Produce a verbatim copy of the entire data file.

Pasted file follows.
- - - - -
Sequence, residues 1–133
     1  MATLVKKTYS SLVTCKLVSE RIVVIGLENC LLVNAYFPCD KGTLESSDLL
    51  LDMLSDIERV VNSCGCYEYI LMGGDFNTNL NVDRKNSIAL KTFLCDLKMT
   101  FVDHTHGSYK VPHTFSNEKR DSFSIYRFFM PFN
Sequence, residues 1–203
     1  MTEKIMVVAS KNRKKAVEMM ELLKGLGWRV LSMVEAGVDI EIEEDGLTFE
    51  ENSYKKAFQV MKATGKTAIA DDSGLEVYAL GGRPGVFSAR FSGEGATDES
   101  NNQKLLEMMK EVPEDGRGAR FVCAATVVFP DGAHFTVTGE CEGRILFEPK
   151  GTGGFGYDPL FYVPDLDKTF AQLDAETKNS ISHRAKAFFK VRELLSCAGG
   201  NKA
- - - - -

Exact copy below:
Sequence, residues 1–133
     1  MATLVKKTYS SLVTCKLVSE RIVVIGLENC LLVNAYFPCD KGTLESSDLL
    51  LDMLSDIERV VNSCGCYEYI LMGGDFNTNL NVDRKNSIAL KTFLCDLKMT
   101  FVDHTHGSYK VPHTFSNEKR DSFSIYRFFM PFN
Sequence, residues 1–203
     1  MTEKIMVVAS KNRKKAVEMM ELLKGLGWRV LSMVEAGVDI EIEEDGLTFE
    51  ENSYKKAFQV MKATGKTAIA DDSGLEVYAL GGRPGVFSAR FSGEGATDES
   101  NNQKLLEMMK EVPEDGRGAR FVCAATVVFP DGAHFTVTGE CEGRILFEPK
   151  GTGGFGYDPL FYVPDLDKTF AQLDAETKNS ISHRAKAFFK VRELLSCAGG
   201  NKA